Just a few doors down from Harlem’s renowned Apollo Theater resides another theater that never quite rose to such fame, but still made its mark. The recently restored space may have its second shot at stardom, however, now that it’s home to a major hotel brand, among the first in the area.
On West 125th St. in the center of Harlem’s commercial corridor is the historic Victoria Theater. Built in 1917, the NYC theater is now a building block for a new Renaissance hotel, part of Marriott International Inc.’s portfolio, expected to be complete by 2019.
The theater will serve as the entranceway to the 26-story, 211-key Renaissance, along with a 25-story residential building with 191 units, half of which will be affordable.
Designed by Aufgang Architects LLC, the hotel will incorporate the theater’s original charm with all of the conveniences of modern architecture, technology and design.
Although closed due to its deteriorated condition, the theater previously functioned as a multi-screen movie theater. Aufgang Architects plans to uphold the theater’s devotion to the arts and surrounding community with innovative design.
“This will be Harlem’s first world-class hotel, providing valuable resources to the community,” said Ariel Aufgang, principal, Aufgang Architects LLC. “The design includes a new 25,000-sq.-ft. arts center with two theaters with flexible stage and seating arrangements for avant-garde performances, and the offices of established cultural institutions from Harlem.”
The design also includes a 5,000-sq.-ft. ballroom—which can accommodate major political, social, corporate and philanthropic events that previously needed to use facilities in Midtown, Aufgang said—along with 25,000 sq. ft. of retail space.
“Harlem is an economically vital community with a compelling cultural history. The community has long been on the itineraries of visitors to New York City attracted by its unique history and appealing arts, entertainment and culinary destinations,” Aufgang said.
“New York City has an undeniably distinctive and appealing architectural identity. High-profile projects change the skyline. Neighborhoods throughout the city evolve as a result of thoughtful development that enhances their attractiveness and viability, which strengthens the social and economic fabric of these communities,” Aufgang said. “Our design of the Renaissance hotel in Harlem respects the social and cultural context of its site, complements it with innovation and reflects confidence in the continued economic growth of the community.”
Aufgang said that the firm’s engineering and mindful design includes concrete trusses in the walls on the property’s fifth floor that enable it to create a theater with views and seating unobstructed by columns. This way, the community and visitors can enjoy new, large-scale performance spaces with the latest in design technology to enhance their experience.
These experiences, however, don’t just pertain to culture and the arts. Aufgang took other guest concerns into consideration when designing the hotel property.
“Technology allows us to create new and innovative designs in response to a heightened awareness and growing concerns about accessibility, energy usage and the environment,” he said. “The hotel’s design reflects our goal of reducing energy consumption using creative conservation strategies, controlling emissions and saving money. We’ve also incorporated the latest technology and design to enhance accessibility for those with mobility issues.”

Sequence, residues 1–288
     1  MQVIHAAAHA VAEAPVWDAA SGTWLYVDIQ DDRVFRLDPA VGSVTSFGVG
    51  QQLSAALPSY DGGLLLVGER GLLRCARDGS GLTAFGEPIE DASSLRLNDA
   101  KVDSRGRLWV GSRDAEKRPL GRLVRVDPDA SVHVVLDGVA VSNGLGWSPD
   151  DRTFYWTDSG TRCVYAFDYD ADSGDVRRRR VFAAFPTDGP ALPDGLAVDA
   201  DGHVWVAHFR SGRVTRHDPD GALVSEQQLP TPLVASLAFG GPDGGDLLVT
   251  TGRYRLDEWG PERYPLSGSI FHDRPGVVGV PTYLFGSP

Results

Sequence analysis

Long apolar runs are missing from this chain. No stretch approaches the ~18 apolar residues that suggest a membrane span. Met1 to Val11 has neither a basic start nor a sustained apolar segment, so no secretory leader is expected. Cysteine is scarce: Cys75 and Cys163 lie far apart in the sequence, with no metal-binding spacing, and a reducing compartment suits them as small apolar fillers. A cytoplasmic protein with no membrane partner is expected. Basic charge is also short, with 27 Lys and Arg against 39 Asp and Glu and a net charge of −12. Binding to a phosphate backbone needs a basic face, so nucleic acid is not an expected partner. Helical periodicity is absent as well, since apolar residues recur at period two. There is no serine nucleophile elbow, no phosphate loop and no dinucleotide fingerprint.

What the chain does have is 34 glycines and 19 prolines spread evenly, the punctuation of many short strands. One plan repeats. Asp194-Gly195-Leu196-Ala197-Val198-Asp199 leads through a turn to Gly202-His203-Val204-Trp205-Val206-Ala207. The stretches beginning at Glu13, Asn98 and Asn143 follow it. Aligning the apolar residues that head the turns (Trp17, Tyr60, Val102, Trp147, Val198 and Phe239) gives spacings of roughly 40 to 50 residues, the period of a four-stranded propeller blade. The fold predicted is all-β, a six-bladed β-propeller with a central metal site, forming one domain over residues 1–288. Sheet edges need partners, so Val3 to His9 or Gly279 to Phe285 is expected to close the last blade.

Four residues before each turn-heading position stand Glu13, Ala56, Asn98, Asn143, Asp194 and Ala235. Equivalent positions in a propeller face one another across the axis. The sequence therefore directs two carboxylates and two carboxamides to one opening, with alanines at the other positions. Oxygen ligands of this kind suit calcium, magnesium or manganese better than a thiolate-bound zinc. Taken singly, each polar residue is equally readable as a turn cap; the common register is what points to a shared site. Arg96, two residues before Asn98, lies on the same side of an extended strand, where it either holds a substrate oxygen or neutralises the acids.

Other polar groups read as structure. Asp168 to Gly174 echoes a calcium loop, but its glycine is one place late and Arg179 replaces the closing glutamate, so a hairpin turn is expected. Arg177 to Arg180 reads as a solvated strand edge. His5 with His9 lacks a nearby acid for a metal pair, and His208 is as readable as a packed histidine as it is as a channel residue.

Aufgang said that bathroom layouts in the rooms increase accessibility, with a bathtub that’s in-line along the same wall as the sink and toilet, which makes wheelchair transfer easier. This type of design also creates space for additional shelving and storage, with the elongated wall opposite of the utilities now completely available for use.
“We take creative approaches to bring greater ease and convenience to the daily lives of individuals with mobility issues, guided by our desire to apply our imagination and technical know-how to provide the greatest access, utilization and enjoyment to residents across a full spectrum of mobility capability,” Aufgang said.
In addition, guestroom windows can open and close with a push of a switch in ADA-designated rooms.
Along with the modern updates and accessibility features, the theater restoration was important to Aufgang as well, keeping in mind preserving as much as possible from the original architecture, all while making it cohesive with the new hotel design. Aufgang said that the theater’s previous renovations covered and partially protected the original design and other materials, helping with the design process.
“The hotel’s design is literally rooted in Harlem’s history. The preservation and restoration of Harlem’s illustrious cultural and architectural past are evident as the Renaissance rises above the 1917 Victoria Theater and its original terracotta facade,” Aufgang said.
While the Victoria Theater may not have quite the storied history and name recognition that the Apollo bears, what really drew people in years ago was the theater’s design. This included an elaborate staircase and chandelier, all of which Aufgang plans to keep intact for hotel guests and visitors to revel in once again.
“For the first time in nearly 100 years, the Victoria’s ornate lobby will be restored to public use, with its grand staircase and beautiful ceiling meticulously restored,” Aufgang said. “Our approach is a careful blend of adaptive-reuse in the design of Harlem’s first large hotel, of a size heretofore found only in lower Manhattan.” HB